A Site for Photographers by Photographers

Community > Forums > Large Format > Film > Sheet Film Sizes

Featured Equipment Deals

Creatively Using Selective Focus in Photography and Photoshop Read More

Creatively Using Selective Focus in Photography and Photoshop

Harold Davis, photographer, author, and print master, shares with you how to use selective focus as a creative tool, including in-camera and in Photoshop.

Latest Equipment Articles

From Light to Ink: An Exhibit Using Canon's imagePROGRAF printers Read More

From Light to Ink: An Exhibit Using Canon's imagePROGRAF printers

"From Light to Ink" featured the work of Canon Inspirers and contest winners, all printed using Canon's imagePROGRAF printers. The gallery show revolved around the discussion of printing photographs...

Latest Learning Articles

How to Get the Most Out of a Photography Workshop Read More

How to Get the Most Out of a Photography Workshop

Attending a photography workshop can be a great way to take your images to the next level, but it can also be a big investment in time, money, and travel. By following these 7 simple tips, you can...

Sheet Film Sizes

Vlad Soare , Dec 20, 2007; 08:52 a.m.

Sheet film sizes are either imperial (4x5", 5x7", etc.) or metric (9x12cm, 10x15cm, 13x18cm, etc.). They are not quite the same, with 4x5" being roughly 10.1x12.7cm, 5x7" being roughly 12.7x17.7cm, etc.
Must the film and holder be exactly the same size, or can they be used interchangeably, for example 9x12cm film in a 4x5" holder, or 5x7" film in a 13x18cm holder? If I buy imperial sized holders, will I be able to use metric sized film?
Thank you.


Michael Briggs , Dec 20, 2007; 09:53 a.m.

No, the inch and metric films aren't interchangeable in holders. However, the holders have the same external dimensions and are interchangeable in the camera. See, for example:




Bill Mitchell , Dec 20, 2007; 12:16 p.m.

My Linhof's 9x12 CFH have the identical outside dimensions as standard 4x5.

Vlad Soare , Dec 20, 2007; 01:27 p.m.

I see. Thank you.

John Shriver , Dec 20, 2007; 08:30 p.m.

Glass plates were the true sizes, so a 4x5 glass plate was really 4x5 inches. When "cut film" first came out, it was used in a Kodak film sheath, which fit in the place of the glass, and held the film with some grooves. So the true sizes of cut (sheet) film are smaller than the nominal size, to meet the needs of the particular Kodak film sheath. Some sizes were smaller in one dimension, some in both.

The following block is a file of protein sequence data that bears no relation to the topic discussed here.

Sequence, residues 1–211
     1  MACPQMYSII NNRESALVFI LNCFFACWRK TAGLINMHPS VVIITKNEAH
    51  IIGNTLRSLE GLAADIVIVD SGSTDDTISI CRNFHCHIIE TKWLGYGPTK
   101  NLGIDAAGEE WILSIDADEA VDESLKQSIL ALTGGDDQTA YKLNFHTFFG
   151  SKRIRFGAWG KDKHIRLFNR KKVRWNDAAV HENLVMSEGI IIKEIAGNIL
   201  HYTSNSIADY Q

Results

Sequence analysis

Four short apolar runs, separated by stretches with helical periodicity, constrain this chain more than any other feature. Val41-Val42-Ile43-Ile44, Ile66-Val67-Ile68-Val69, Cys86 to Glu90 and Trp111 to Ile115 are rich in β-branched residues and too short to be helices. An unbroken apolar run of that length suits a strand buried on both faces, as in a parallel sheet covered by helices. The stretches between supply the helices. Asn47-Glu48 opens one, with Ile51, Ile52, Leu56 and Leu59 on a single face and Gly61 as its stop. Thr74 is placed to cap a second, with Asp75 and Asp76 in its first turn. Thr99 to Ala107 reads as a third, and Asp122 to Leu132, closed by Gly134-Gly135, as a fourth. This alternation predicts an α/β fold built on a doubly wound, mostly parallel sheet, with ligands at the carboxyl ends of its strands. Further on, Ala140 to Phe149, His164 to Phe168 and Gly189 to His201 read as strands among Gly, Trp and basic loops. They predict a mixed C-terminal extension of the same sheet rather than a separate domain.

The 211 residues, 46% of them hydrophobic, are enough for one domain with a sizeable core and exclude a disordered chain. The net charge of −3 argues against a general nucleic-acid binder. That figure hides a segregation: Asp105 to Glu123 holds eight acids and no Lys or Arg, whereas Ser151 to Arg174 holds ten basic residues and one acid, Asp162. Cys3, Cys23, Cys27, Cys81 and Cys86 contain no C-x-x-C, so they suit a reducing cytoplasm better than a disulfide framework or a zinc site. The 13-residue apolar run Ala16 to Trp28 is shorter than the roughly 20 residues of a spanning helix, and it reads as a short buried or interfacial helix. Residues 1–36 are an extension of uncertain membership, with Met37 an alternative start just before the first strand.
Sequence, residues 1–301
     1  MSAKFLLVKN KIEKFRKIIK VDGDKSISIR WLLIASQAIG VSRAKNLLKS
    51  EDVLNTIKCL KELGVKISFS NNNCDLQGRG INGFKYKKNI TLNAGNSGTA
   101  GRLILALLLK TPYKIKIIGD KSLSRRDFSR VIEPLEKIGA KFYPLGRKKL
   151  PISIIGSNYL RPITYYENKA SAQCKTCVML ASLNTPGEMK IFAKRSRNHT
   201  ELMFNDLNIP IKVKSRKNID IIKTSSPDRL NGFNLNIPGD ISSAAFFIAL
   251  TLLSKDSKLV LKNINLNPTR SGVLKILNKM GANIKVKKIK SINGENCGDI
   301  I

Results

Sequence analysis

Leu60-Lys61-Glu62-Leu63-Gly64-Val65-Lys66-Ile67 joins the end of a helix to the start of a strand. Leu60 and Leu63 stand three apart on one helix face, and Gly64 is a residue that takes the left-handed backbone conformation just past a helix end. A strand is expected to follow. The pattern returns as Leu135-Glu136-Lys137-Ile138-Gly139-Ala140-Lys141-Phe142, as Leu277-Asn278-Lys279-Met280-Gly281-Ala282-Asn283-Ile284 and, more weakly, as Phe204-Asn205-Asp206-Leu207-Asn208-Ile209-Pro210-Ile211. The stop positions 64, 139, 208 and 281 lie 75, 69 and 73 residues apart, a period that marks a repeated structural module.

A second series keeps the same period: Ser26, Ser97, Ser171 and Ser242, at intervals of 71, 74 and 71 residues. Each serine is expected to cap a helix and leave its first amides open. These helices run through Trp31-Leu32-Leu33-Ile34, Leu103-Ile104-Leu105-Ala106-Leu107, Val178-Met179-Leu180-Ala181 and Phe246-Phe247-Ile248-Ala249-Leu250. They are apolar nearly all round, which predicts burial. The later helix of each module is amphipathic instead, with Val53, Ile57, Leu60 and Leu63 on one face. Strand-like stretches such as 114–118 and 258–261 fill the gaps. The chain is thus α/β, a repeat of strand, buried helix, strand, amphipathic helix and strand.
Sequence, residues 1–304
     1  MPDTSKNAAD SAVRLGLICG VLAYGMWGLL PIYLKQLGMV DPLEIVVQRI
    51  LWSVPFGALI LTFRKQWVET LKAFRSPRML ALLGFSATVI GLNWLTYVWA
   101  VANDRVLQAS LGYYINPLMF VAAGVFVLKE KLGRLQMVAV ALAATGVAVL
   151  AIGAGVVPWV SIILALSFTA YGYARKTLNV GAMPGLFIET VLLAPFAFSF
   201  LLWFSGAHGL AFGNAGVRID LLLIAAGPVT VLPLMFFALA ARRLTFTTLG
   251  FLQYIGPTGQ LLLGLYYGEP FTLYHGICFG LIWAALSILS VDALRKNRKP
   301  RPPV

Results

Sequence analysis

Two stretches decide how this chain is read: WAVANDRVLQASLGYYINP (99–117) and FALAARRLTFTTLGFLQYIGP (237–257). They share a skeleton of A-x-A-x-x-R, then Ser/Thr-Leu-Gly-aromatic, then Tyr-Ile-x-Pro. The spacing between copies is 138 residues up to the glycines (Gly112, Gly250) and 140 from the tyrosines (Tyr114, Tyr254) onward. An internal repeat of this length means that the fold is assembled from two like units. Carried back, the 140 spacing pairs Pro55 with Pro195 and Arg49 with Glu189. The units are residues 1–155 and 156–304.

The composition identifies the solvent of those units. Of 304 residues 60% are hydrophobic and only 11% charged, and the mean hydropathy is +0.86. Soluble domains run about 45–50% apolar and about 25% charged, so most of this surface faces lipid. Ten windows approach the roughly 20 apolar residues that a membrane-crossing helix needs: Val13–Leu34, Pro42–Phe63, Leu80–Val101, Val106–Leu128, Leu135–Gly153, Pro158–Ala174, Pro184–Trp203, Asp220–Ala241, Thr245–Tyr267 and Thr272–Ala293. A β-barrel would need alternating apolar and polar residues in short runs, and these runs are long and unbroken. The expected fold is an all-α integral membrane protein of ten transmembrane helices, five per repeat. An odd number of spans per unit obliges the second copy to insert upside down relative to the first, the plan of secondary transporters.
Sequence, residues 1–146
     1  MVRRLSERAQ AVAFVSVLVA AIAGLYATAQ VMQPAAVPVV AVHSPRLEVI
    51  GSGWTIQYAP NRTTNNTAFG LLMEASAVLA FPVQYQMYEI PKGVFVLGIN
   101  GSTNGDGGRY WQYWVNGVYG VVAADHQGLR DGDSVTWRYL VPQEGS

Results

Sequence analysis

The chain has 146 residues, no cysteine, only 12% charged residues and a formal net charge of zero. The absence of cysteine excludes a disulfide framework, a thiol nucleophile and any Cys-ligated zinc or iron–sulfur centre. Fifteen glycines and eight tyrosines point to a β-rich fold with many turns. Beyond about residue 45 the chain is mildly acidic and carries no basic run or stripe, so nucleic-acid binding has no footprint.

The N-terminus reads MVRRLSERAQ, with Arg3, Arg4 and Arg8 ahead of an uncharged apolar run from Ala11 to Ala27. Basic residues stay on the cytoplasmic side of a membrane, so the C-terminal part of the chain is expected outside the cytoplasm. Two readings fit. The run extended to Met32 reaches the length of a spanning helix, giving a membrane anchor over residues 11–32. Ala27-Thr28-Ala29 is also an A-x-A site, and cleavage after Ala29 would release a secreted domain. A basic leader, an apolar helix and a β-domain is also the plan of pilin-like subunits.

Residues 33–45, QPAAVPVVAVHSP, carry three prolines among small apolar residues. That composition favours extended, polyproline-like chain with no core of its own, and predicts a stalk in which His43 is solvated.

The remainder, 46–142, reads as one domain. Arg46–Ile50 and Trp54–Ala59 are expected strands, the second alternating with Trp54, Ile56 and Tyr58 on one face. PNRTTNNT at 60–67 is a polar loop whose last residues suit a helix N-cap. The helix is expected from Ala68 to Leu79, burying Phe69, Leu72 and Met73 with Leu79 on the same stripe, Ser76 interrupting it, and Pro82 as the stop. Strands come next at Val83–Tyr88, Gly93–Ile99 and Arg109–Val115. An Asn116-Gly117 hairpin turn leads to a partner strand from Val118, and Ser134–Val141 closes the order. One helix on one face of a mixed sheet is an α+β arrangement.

Of course, once cut film holders were designed, they were designed around the actual sizes of cut films designed to fit in the film sheaths.

frank menesdorfer , Dec 21, 2007; 04:39 a.m.

All camera sizes given in inch. There is no such a thing called 9x12 or any other cameras in cm. Michael is right. The outside dimension of the holders are feet in all cameras which have an international standard. But there is a difference in the inside the one which is made for 5x7 for ecxample do not ecxept 13x18 cm and the other way around. But and repeating others here there is cameras some older ones where the holder external size are different but using a same film size.

Hany Aziz , Dec 25, 2007; 01:23 a.m.

I beg to differ with the previous poster. Europe particularly continental Europe have generally used metric measurement for camera size eg 13x18 cm vs 5x7, as opposed to England which appears to have used both systems, the US has always used imperial measures for camera size.

The film size does differ! 13x18 film is 1-2 mm bigger than 5x7 film and will not fit well in a 5x7 holder and 5x7 film will be loose and possibly fall out of a 13x18 holder. The external dimensions of the holders themselves particularly the more modern Fidelity/Lisco and Linhof ones are the same and therefore a 13x18 holder can be used in a 5x7 camera and vice versa. It is sometimes useful to have both types of holders for eg E6 film is more easily obtainable in 13x18 than in 5x7 size, with B&W the 5x7 is more easily available (I am based in the US).



Back to top

Notify me of Responses